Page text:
Arizona Rules on Gambling
Arizona is a unique state when evaluated in the context of the gambling opportunities it provides for its residents. Neither does the state government have the most rigid views on gambling nor does it accept any applications for casino licenses. Whereas this leaves the ordinary gamer perplexed, it also warrants a detailed guide into the legal and regulated gambling opportunities in the state. This is what we focus on here.
The accepted, licensed, and legal forms of gambling in Arizona fall into three broad categories:
- Tribal casinos
- State lottery
- Horse and dog racing (they should not be on the same day)
There are 15 tribes running 22 casinos spread over 20 million acres of land, which constitutes 27% of the state. In fact, Arizona has more tribal land than any other state. Revenue from such casinos is set aside for the tribal government and charitable causes.
The state lottery is a member of the Multi-State Lottery Association. Players can access seven games namely: Powerball, Mega Millions, Fantasy 5, Pick 3 Weekly winnings, 2by2, and The Pick.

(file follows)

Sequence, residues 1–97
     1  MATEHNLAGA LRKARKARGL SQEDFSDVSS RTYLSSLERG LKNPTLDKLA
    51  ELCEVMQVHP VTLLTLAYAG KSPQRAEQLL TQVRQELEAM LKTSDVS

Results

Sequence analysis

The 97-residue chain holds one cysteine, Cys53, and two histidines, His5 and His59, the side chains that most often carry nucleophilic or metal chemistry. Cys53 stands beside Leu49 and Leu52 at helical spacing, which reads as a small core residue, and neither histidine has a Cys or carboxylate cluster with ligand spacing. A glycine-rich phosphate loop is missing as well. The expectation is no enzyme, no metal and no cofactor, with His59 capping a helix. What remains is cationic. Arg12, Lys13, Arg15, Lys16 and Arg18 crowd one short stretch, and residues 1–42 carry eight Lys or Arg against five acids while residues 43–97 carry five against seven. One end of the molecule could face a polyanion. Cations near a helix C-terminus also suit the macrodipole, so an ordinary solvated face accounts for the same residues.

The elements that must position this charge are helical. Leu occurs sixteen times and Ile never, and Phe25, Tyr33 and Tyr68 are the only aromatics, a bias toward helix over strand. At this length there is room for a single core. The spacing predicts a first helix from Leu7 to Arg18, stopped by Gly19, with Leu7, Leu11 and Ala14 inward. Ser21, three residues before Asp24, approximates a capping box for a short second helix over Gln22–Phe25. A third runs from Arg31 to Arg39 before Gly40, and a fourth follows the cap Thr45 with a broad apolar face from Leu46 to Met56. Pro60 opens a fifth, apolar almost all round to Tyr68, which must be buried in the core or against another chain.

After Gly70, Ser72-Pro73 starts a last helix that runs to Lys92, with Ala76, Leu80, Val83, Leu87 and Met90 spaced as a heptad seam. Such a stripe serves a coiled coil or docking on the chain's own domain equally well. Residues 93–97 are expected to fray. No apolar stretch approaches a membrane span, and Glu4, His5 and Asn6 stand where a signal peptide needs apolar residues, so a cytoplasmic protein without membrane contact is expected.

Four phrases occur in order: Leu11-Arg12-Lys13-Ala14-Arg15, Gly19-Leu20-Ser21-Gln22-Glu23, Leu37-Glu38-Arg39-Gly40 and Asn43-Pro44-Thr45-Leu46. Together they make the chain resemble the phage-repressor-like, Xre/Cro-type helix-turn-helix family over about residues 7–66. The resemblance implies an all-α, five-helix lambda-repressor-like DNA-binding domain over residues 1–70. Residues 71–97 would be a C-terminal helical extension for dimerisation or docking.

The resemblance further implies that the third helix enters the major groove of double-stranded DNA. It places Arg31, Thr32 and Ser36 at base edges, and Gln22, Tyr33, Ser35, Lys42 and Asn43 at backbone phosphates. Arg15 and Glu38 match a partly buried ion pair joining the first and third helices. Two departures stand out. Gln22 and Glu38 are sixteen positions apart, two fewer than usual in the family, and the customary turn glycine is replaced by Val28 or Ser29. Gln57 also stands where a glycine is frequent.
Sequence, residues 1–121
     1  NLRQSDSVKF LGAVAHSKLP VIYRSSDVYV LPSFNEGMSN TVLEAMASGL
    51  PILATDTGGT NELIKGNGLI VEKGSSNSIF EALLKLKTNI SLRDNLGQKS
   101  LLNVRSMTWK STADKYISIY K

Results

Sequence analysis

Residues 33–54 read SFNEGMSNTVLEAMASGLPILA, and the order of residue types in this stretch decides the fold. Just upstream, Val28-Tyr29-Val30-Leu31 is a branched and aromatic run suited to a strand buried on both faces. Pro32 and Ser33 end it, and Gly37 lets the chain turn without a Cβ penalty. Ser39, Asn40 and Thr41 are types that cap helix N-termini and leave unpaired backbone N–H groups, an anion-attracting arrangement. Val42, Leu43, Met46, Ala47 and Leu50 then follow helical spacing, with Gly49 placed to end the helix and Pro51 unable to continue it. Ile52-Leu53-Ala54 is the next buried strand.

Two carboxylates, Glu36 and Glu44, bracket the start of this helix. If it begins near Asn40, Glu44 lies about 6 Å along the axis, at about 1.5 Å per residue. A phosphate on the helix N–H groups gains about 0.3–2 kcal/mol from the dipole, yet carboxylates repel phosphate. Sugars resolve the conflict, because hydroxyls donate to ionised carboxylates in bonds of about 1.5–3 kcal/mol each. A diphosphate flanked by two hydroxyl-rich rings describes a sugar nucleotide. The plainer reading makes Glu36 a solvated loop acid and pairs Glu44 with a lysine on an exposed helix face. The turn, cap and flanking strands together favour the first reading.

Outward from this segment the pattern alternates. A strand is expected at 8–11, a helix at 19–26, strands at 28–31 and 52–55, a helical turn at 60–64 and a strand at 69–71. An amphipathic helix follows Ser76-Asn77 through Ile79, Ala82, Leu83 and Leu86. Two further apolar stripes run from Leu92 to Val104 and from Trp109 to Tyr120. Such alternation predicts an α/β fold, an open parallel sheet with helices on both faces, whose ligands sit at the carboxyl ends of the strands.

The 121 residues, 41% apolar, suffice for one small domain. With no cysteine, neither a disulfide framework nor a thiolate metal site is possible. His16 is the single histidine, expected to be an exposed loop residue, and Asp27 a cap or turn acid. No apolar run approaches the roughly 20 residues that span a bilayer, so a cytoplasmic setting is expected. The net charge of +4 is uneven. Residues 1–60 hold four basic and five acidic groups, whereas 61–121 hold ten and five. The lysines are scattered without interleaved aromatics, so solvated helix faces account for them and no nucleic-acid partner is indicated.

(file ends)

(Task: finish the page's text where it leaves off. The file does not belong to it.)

Betting on horse and dog racing is restricted to tracks provided they are not held on the same day.
History of Gambling in Arizona
When Congress allowed tribes to regulate gambling and casino gaming bypassing the ‘Indian Gaming Regulatory Act' in 1988, Arizona's gambling history forked into a new direction. By 1993 (after 5 years of intense legal discussions and threats), ‘compacts' were signed, which were later extended to 21 out of the 22 tribes in Arizona, in 2003. These ‘compacts’ continue to allow tribal casinos to operate in glory and aplomb, converting Arizona into a decent land-based gambling getaway.